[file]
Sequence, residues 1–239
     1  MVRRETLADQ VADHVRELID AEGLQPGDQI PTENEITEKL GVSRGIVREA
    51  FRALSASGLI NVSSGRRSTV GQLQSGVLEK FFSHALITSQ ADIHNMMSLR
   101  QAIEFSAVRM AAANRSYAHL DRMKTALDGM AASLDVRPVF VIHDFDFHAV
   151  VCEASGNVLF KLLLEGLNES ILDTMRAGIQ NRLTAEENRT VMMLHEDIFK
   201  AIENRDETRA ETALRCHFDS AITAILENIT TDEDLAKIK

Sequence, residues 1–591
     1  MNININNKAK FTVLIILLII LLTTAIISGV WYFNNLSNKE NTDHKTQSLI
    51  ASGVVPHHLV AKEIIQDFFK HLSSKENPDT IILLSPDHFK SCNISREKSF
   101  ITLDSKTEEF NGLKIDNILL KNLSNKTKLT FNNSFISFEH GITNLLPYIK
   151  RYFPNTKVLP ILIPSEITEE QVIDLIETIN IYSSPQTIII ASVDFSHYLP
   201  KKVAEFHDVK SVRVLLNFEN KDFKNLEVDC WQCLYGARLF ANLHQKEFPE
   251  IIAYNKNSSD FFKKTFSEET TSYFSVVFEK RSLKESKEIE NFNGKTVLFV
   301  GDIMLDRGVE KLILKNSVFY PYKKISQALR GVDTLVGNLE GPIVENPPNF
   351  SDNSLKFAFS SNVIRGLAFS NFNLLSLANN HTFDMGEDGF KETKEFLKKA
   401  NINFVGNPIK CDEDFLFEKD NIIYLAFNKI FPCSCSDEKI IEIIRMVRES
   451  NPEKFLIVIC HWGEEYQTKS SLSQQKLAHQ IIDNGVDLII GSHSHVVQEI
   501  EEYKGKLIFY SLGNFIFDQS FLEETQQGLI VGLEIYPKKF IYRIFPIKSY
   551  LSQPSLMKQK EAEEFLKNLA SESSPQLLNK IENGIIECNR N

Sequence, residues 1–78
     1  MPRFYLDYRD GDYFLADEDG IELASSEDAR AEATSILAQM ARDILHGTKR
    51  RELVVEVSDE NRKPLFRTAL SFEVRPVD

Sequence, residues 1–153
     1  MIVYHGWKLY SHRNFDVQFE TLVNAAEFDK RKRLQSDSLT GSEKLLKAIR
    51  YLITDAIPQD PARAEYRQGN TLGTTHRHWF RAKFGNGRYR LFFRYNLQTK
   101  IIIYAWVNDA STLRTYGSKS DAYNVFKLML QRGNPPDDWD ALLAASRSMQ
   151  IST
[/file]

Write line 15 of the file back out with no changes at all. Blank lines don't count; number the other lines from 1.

   351  SDNSLKFAFS SNVIRGLAFS NFNLLSLANN HTFDMGEDGF KETKEFLKKA